Fair Play : A system for how to divide up household tasks fairly, based on your needs.

This month’s blog is written by Certified Fair Play Facilitator, Alyssa Goodman, LMSW. As always, if you or someone you know would benefit from extra support, we are here to help.


Tired, stressed, and need more help from your partner? Looking to create more equity with your partner for dividing up the domestic labor and mental load in your household? It can feel overwhelming and hard to get started. The good news is, there is a system that can help, and the start of the school year for many families can be the perfect time to review and discuss needed shifts in their division of household labor.


Fair Play, created by Eve Rodsky, is a time- and anxiety-saving system that couples, families, and housemates can use to create more equity and develop better communication about their division of domestic labor. In heterosexual/cis-gender couples, women often take on the majority of this unpaid and invisible labor, including the anticipatory tasks like planning for what needs to happen for the family. We know that carrying the majority of this invisible labor (including the mental and emotional load) can be exhausting and lead to burnout. When this occurs, it can leave individuals (often mothers) feeling as though they’ve lost their identities, don’t have time for themselves as individuals, and with increased anxiety about needing to “do it all.”


If you are wanting to break out of this cycle and make the invisible labor more visible, here is how you can jump in with the Fair Play Method:

1. Start the conversation with your partner. This method gives couples a starting point. The invitation for this initial conversation should happen when cognition is high and emotion is low (i.e., not in the heat of an argument about who did or didn’t do something). Recently, many couples have found that watching the Fair Play Documentary together has been a great starting point.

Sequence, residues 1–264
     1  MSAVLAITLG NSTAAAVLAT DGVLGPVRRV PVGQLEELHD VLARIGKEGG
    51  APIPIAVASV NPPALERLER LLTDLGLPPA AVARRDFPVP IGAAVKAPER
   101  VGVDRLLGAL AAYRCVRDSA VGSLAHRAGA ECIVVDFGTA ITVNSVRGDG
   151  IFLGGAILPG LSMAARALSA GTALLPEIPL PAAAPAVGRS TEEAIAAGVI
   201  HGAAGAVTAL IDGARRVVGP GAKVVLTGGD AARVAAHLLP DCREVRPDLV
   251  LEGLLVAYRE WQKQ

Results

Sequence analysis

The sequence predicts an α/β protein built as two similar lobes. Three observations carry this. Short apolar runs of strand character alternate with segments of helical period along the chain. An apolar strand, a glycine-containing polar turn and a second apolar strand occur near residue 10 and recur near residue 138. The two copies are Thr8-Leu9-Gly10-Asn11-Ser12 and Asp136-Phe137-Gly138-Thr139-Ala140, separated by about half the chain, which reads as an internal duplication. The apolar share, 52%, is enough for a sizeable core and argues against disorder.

2. Make the invisible labor visible. Using the Fair Play Cards can be a helpful first step. This process helps partners literally see what is on each other’s plate and the amount of work that goes into running a household. It’s important to remember that this isn’t about comparing how many cards each partner has, but rather to make all of the household labor more visible.

3. Choose 1 “Daily Grind” card. The Daily Grind cards are tasks that happen daily/regularly and are time sensitive – e.g., dishes, laundry, packing school lunches (look for the coffee cup image on the cards that are posted on the Fair Play website). Discuss how this one task is currently completed. Who plans for the task? Who anticipates what might be needed to complete the task? Are there any current stressors for the person completing the task? How about for the other partner? Starting with one card can have a huge impact.

4. Discuss the “Minimum Standard of Care” (MSC). Share your thoughts on why the task is important for you/your family and have your partner share the same. Additionally, you both can share what the minimum standard of care is for the task - what needs to be true for this task to be completed? You don’t need to fully agree at first, but it’s important that each partner has the opportunity to share and then together, you can reach consensus about the MSC.

5. Describe the “Conception, Planning, and Execution” (CPE) for the chosen card. As you’re beginning with Fair Play, you can complete this exercise together. You will want to discuss: the Conception (the mental load of a task, the behind-the-scenes thinking that happens before official action planning can begin), the Planning (the more detailed plan for a task – when will it happen? How will it happen? Who will complete it?), and the Execution (completing the task in its entirety).

6. Try it out for a week! Once you’ve had the initial meeting and have talked through the full MSC and CPE for a card, decide who will own this card and try it out for a week. At the end of the week, come back together to discuss the wins and challenges, discuss any shifts that may need to happen, and talk about whether you’re ready to continue with another card.

Fair Play is a system that is ever evolving for couples. It

is meant to be played regularly, with cards being “re-dealt” as necessary. Fair Play is not about dividing tasks 50/50 between couples, but rather doing it in an equitable way so that each person in the partnership has the time and space to explore their own interests and creative passions – to be a person outside of their role as a partner, parents, and professional.

Want to learn more about the Fair Play Method and how you can invite your partner to the conversation? You can read the Fair Play book, use the Fair Play Cards, or watch the Fair Play Documentary.


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